It simply doesn’t matter that your personal confabulations about what evolution is supposed to be like, or what you personally demand that evolution produces, has not been demonstrated to your satisfaction. That’s is completely inconsequential. Your demands and opinions are irrelevant and have zero bearing on real-world facts, such as what the process of evolution is actually like, how it takes place, and how new species evolve.

    Nonlin.org: Yet we see different and DISCRETE (not gradual!) species of bears overlap in the SAME environment.

    Yes because obviously the whole goddamn population doesn’t magically change all at once. It’s not like brown bears run around and then one day they all magically become white and then all decide in one instant to move to the arctic regions. And a bear being better adapted to the arctic regions doesn’t mean that it will somehow magically and mysteriously be instantly killed if it moves out of that environment. The same geographical area can even contain multiple environmental niches to which different species of bears can be better adapted.

    Where is the “selective pressures in a given environment”?

    That depends on the selective pressure in question, the lifestyle of the organism, and on the particular environment. Predators that hunt prey with good eyesight in arctic regions covered by snow and nice are under a selective pressure to blend in with their surroundings so they can get close to their prey before they can run away.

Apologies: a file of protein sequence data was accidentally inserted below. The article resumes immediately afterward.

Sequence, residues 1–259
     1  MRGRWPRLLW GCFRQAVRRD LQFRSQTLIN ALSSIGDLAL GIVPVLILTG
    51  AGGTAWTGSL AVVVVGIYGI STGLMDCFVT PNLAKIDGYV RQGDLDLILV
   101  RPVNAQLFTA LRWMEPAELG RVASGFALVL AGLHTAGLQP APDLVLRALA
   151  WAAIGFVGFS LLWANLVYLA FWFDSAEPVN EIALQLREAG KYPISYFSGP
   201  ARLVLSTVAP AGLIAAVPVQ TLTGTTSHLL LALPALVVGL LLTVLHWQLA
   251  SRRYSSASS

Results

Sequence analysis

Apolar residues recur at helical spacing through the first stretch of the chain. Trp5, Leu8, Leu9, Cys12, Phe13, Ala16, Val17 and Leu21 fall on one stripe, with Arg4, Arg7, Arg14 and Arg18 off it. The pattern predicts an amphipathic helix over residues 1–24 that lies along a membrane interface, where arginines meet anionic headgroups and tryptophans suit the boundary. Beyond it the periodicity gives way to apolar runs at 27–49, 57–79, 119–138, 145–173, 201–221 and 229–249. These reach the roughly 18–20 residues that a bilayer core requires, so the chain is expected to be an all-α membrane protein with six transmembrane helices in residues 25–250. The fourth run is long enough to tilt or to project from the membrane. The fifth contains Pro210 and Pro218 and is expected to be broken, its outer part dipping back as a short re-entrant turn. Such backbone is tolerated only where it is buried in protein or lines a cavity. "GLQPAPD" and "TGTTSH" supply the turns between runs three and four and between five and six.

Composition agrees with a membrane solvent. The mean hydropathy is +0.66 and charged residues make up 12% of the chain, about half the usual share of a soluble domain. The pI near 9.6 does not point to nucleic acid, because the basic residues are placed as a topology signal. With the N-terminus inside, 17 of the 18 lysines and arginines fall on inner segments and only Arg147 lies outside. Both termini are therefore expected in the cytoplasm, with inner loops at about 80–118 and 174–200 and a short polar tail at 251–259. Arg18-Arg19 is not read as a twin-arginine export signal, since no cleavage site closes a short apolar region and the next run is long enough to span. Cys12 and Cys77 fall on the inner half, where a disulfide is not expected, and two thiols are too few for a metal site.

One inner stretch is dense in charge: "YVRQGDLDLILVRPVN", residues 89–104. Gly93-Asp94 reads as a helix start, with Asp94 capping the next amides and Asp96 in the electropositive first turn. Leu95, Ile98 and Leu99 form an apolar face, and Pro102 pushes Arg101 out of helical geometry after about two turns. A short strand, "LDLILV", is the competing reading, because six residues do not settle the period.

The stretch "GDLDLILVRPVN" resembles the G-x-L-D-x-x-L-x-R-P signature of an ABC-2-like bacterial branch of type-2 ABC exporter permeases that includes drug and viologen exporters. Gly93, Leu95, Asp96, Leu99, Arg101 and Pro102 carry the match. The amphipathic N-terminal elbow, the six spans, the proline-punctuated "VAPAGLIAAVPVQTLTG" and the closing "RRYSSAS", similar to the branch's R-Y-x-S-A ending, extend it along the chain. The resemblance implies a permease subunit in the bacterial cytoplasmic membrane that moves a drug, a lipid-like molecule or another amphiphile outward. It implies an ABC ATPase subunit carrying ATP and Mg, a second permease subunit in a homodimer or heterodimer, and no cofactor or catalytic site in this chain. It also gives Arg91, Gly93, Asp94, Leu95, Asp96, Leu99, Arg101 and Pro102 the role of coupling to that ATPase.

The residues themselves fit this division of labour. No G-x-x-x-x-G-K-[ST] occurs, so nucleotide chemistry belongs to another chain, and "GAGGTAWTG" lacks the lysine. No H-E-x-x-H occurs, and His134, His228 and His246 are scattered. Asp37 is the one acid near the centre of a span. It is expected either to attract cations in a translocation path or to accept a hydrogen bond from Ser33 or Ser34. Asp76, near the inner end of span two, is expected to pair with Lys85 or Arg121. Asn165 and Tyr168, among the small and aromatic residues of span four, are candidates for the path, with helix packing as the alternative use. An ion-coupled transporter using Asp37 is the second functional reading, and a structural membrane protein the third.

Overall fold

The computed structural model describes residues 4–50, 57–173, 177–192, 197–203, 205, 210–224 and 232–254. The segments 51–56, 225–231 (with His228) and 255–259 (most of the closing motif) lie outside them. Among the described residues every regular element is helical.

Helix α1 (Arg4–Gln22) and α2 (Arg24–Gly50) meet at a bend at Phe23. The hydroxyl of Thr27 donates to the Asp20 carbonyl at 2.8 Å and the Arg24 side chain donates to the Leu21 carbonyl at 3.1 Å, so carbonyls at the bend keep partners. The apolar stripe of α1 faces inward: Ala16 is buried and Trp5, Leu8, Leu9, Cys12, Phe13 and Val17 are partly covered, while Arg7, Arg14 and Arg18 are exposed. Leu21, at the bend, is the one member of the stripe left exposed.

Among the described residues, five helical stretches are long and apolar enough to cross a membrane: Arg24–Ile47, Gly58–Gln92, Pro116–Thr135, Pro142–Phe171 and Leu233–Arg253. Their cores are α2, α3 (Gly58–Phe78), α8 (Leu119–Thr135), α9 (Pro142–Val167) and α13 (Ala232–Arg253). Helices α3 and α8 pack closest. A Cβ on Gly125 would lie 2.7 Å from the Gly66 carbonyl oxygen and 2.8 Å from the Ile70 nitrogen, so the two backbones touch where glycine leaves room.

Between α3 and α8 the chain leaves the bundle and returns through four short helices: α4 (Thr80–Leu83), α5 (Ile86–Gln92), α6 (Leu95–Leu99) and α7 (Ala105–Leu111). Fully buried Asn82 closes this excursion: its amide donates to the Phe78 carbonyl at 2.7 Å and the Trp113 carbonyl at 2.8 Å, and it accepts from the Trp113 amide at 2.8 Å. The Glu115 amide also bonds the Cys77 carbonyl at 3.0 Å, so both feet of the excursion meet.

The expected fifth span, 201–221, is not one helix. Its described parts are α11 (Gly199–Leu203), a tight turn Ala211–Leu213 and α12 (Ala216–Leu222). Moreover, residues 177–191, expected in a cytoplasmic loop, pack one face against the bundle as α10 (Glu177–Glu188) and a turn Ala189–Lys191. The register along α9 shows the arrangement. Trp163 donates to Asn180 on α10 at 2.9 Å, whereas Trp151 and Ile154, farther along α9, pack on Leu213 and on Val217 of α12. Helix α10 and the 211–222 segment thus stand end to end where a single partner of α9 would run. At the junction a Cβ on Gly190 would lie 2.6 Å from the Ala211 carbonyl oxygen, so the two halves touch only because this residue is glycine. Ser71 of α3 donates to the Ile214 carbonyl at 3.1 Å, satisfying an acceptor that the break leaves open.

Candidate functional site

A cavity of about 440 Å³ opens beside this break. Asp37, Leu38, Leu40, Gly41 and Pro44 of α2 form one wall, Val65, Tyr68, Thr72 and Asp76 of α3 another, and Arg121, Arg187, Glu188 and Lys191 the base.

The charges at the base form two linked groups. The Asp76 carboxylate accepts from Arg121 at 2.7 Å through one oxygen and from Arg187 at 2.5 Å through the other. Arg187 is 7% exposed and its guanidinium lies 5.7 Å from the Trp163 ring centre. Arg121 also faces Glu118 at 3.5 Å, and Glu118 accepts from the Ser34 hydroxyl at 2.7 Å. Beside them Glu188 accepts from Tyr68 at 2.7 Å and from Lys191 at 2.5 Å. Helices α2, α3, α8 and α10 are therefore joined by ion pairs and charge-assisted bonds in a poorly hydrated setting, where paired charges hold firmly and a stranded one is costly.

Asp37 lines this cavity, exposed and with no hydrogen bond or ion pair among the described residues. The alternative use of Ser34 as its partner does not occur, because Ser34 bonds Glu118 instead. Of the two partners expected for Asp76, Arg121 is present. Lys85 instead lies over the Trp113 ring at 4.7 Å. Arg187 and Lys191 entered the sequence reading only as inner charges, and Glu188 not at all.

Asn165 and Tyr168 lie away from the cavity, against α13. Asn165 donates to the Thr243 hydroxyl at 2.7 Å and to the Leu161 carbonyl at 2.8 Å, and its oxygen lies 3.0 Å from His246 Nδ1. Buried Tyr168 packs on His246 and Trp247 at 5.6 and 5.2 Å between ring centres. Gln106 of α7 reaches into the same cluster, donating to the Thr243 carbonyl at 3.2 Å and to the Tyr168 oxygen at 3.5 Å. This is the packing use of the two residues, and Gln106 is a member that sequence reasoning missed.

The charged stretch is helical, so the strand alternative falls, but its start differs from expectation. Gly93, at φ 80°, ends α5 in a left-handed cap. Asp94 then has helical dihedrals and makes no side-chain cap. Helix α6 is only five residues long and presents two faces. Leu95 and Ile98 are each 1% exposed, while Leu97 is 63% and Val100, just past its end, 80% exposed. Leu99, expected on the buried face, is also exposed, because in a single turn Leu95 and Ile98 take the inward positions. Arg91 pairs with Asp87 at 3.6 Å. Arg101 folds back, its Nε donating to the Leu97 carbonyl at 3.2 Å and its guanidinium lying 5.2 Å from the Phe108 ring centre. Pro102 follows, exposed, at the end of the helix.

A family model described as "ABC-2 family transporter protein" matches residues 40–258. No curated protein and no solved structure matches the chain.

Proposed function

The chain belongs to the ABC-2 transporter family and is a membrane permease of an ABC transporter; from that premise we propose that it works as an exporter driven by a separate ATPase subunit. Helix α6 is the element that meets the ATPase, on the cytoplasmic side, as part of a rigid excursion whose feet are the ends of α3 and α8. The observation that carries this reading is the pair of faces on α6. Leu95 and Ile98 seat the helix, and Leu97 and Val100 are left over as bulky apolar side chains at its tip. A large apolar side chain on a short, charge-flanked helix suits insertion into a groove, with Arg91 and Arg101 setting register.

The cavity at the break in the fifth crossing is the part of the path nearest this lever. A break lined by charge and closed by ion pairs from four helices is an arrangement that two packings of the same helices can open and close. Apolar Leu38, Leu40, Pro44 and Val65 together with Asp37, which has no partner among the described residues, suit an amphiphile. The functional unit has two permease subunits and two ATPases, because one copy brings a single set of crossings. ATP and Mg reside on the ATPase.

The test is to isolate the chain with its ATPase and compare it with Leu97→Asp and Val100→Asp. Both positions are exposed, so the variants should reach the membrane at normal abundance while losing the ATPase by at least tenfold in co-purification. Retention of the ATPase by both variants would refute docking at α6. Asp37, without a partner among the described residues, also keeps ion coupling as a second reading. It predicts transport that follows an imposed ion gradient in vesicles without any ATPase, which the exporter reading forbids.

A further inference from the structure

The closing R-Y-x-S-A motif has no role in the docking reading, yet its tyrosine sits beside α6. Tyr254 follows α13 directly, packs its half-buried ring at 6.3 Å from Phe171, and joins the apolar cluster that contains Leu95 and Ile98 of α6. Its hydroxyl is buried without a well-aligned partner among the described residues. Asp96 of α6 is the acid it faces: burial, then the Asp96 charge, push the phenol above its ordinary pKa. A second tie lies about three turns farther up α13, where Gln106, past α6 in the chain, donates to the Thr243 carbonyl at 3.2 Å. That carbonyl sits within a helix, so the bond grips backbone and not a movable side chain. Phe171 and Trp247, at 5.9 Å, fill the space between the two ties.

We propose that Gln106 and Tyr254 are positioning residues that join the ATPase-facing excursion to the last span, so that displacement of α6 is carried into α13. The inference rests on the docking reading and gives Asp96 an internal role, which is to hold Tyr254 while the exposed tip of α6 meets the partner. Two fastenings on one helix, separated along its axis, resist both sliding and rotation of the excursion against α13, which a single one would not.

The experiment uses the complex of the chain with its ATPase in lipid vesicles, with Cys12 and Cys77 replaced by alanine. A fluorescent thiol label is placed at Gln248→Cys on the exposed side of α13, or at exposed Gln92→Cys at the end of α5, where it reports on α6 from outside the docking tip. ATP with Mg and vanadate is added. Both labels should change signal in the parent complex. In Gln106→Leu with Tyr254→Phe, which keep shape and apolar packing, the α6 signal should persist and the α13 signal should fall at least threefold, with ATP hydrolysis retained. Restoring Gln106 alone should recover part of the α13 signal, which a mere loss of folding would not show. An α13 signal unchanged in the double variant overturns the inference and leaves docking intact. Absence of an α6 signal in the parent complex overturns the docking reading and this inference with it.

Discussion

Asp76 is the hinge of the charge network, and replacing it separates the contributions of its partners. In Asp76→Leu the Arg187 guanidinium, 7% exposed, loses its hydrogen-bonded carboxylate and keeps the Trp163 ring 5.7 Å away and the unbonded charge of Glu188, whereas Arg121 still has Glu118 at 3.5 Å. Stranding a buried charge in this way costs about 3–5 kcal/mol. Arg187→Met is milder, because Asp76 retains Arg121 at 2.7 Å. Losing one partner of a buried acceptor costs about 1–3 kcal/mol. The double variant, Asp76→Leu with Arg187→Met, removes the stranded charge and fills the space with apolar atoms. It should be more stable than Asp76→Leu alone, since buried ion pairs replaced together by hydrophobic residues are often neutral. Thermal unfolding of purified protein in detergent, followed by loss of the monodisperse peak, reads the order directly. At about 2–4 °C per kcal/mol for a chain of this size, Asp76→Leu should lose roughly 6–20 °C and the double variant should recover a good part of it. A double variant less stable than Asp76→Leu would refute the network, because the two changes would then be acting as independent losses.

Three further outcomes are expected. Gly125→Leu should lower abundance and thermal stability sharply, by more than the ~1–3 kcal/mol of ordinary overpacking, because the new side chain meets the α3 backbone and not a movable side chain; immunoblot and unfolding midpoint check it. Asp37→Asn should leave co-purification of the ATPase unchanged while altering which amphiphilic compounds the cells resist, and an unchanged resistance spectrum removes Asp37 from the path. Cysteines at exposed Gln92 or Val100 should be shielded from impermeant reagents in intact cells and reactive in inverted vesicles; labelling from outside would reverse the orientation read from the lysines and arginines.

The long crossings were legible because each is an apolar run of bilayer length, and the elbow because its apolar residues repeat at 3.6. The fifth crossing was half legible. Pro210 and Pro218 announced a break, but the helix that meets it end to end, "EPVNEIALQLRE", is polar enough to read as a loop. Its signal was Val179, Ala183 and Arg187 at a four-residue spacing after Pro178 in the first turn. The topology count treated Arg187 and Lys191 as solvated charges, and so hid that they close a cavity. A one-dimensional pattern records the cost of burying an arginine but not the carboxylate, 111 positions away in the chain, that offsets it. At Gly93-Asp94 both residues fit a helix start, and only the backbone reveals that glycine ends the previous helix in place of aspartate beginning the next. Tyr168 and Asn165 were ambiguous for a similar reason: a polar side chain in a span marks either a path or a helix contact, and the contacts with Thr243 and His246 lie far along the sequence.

It’s almost like simply turning on your brain would allow you to figure this out for yourself instead of you having to exemplify prototypical volitional obtuseness on the internet.

    And why is “gradualism” missing?!?

    Since you have an absolutely fatuous definition of gradualism, nobody cares that you think it’s missing.

  4. Regression to the mean is a concept that applies to chance combinations of fixed objects.

    If genomes never mutated, then recombinations would, in fact, be like dice throws.

    But genes do mutate, and the probability of reversing a series of mutations is vanishingly small. Population genomes change over time. They do not simply recombine.

    We do see something like regression to the mean in small populations over short periods of time. But speciation is change over geologic time. Hundreds, thousands, tens of thousands of generations.

  5. petrushka:
    We do see something like regression to the mean in small populations over short periods of time.